So, in the end, if we assume to always overcome the locking threshold to some extent, we will have a certain percentage of locking (min torque given to more grippy wheel) which at minimum is given by the preload, and then increases due to the pin vs ramps effect.
    In this scenario, that graph makes sense actually.
    In your scenario, if I have high preload and no ramps, then I should be "drifting" At low torque, and then stopping to drift as soon as the torque increases, but it's not what I feel.

    Maybe I am getting everything wrong, I am electrical engineer, wrong branch :)
     
  9. Gillish

    Gillish Member

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    The preload torque is indeed the effective 'locking torque' of the clutches resulting from some preload mechanism. When the wheel-speed difference is 0, the clutches can transfer at most the preload-torque between the two driven wheels.
    As I understand it, for an LSD with adjustable power/coast ramps, an input torque from the prop-shaft (so gearbox output, technically not the same as engine torque), adds more preloading on the clutches via the pins pushing on the ramps, exerting an extra locking force (N) on the clutches, resulting in a higher locking torque (Nm).

    Now the difference between what you call static (no wheelspeed difference) and dynamic (wheels spinning at a different speed) is that a 'locked' clutch can transfer up to the locking torque, it can also be less! then there is just no clutch slip. The locking torque is the threshold where the clutches will start slipping and a wheelspeed difference can occur. This happens for example when one drive wheel has much more grip than the other, so one wheel can support much more torque without slipping than the other one. If this results in a large enough torque difference on the two wheels, the clutches of the LSD can start to slip, allowing a wheelspeed difference.

    Now that there is a wheelspeed difference ('dynamic'), the locking effect of the diff is to transfer a torque from the faster-spinning/lower-grip wheel to the slower spinning wheel, such that the slower wheel receives more torque. The magnitude of this torque is determined by the properties of the clutches (friction behavior, usually increasing friction with slip speed) and the force pressing the clutches together. The diff doesn't enforce a certain locking % (how would you define locking as a percentage? a ratio of what?), it just tranfers torque between the two wheels and the speed of each wheel is whatever results from the sum of all torques acting on that wheel.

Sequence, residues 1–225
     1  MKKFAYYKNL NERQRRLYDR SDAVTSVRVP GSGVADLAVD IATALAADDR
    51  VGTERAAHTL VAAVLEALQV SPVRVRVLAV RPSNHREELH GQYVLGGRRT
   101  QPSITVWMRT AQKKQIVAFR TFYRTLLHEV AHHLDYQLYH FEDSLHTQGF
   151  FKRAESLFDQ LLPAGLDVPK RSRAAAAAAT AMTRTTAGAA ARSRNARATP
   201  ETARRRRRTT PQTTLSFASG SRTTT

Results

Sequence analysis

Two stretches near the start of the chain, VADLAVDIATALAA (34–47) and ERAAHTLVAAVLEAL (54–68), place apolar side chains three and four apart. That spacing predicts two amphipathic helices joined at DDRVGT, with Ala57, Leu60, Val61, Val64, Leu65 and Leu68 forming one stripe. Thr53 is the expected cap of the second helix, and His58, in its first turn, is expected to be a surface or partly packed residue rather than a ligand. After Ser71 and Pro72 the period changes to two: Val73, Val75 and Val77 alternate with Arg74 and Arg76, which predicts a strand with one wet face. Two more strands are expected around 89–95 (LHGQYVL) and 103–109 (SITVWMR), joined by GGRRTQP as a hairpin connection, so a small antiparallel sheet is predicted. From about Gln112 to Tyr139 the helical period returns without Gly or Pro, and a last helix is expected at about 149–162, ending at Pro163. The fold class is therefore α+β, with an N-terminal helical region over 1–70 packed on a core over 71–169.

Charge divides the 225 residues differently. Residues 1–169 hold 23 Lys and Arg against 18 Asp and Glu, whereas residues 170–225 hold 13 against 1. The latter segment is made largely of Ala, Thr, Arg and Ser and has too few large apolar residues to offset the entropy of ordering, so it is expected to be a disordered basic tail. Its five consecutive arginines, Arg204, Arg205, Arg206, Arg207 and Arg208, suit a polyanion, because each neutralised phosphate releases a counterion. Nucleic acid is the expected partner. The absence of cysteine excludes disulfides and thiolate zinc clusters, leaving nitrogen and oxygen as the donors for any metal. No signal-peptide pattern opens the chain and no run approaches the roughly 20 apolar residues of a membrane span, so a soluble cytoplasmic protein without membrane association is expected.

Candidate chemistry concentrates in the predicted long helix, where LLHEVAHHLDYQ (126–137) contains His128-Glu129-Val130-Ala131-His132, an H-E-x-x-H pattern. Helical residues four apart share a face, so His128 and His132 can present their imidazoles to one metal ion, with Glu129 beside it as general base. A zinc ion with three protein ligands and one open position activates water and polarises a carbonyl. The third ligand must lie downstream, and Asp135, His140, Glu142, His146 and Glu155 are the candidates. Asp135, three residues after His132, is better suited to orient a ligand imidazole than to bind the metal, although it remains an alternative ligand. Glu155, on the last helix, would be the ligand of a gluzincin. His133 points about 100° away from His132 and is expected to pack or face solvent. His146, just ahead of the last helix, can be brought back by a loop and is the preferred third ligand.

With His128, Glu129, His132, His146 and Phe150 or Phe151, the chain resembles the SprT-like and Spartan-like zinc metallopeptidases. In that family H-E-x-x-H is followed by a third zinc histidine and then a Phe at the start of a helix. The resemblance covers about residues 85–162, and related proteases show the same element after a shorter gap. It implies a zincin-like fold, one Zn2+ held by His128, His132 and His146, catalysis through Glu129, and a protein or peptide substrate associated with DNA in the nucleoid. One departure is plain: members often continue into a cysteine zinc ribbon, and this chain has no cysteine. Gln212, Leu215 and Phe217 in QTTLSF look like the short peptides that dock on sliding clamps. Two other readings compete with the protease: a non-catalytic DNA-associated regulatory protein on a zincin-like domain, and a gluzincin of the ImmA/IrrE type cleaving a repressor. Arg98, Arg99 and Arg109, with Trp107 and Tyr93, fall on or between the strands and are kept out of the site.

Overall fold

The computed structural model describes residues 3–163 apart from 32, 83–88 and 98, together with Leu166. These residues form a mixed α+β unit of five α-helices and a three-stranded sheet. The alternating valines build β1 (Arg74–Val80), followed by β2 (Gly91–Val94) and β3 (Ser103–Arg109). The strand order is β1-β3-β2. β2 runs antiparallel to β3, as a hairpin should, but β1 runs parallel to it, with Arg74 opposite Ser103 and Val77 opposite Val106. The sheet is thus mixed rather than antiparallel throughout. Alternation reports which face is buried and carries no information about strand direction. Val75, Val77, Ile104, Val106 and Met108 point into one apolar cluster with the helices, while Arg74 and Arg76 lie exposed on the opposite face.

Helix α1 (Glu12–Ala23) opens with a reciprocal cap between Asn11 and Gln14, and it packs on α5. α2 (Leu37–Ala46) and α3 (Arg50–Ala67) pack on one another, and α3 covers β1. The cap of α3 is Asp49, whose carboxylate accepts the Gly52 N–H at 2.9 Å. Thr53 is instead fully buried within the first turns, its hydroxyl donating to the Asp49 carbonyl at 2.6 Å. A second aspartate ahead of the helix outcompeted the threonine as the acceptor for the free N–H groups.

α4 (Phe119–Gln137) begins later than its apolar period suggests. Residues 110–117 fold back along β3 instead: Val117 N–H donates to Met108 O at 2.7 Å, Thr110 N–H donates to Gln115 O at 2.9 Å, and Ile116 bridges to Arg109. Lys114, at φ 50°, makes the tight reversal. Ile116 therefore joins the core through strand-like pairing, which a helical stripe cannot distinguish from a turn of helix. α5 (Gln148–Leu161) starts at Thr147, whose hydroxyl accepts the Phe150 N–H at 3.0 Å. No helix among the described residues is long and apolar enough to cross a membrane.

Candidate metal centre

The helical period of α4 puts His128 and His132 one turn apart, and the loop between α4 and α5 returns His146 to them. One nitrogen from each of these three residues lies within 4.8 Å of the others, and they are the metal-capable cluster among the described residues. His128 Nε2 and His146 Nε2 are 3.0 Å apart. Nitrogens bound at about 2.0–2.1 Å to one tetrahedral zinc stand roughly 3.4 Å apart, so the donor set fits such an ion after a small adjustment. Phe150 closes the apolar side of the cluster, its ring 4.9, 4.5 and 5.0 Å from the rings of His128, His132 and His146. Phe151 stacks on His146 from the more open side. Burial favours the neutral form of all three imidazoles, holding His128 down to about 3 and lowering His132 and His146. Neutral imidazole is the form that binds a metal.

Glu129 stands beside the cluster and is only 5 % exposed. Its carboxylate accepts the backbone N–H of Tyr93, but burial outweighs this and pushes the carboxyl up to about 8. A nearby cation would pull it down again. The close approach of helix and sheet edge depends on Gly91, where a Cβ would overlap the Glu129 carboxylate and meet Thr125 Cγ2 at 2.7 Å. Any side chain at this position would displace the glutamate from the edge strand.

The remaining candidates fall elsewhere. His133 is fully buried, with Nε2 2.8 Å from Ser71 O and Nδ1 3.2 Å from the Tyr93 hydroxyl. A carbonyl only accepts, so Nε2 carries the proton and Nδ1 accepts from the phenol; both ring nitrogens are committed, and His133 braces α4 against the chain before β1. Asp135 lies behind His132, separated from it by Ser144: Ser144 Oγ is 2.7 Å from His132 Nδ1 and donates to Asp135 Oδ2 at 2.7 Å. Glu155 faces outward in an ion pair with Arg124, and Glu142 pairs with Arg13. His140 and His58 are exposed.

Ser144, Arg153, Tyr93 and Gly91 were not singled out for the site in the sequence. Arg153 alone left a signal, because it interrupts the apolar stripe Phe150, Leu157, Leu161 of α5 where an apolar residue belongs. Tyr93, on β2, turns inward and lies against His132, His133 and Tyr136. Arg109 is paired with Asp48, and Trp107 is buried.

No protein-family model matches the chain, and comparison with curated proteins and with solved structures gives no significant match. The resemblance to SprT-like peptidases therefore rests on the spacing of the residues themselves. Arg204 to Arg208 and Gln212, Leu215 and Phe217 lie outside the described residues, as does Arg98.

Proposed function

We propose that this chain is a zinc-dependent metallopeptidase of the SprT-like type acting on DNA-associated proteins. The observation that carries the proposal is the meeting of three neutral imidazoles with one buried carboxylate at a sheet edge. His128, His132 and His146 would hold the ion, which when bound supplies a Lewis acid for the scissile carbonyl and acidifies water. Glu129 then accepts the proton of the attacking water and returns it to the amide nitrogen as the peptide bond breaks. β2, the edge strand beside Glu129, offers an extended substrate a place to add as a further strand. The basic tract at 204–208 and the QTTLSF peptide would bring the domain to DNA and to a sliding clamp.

Last edited: Dec 3, 2023
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  10. Michael3

    Michael3 Active Member

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    I wasn't joking. But thanks for patiently explaining to us that mid engined cars exist. Who else knew eh? :D
     
  11. pimpi84

    pimpi84 Active Member

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    Yes I agree 100%. and thank you for explaining with clearer words the concept.
    I just want to clarify that what I ment with "static" or "dynamic" was not referred to the wheelspeed difference, but referred to the fact that the locking torque given by the LSD is actually function of the shaft torque coming from the gearbox + preload-given torque.
    In other words, in every specific moment, given a certain torque that the transmission is putting out, then the amount of allowed wheelspeed difference is fixed.

    Let me try to put there some examples of how I see things and how I feel the porsche gt3 r stock LSD setup delivers.

    Stock setup (my feeling is too much power oversteer, driving experience similar to super v8s or kart-like). At low "engine" torque (torque on shaft out of transmission), the two driving wheels are not allowed to turn at different wheelspeed. Then there is a transition in which the wheels are slightly free to have different wheelspeed (engine torque exceeds the locking torque given by the lsd), then again the locking torque exceeds the engine torque and the lsd becomes locked again (oversteery on power - high power).
    upload_2023-12-4_11-17-19.png

    lowering clutch number to 2 (no torque transferred to the loaded tire in a turn, car very planted but "slow"). After a certain threshold of "engine" torque, the wheels are free to spin at different speeds, and the torque ensured to the leaded wheel is quite low, leaving the not loaded wheel to spin and slip (e.g. out of slow corners).
    upload_2023-12-4_11-19-25.png

    Again 2 clutches but increasing preload (more torque transferred to the loaded wheel when high torque is given by the transmission, but with lot less power oversteer).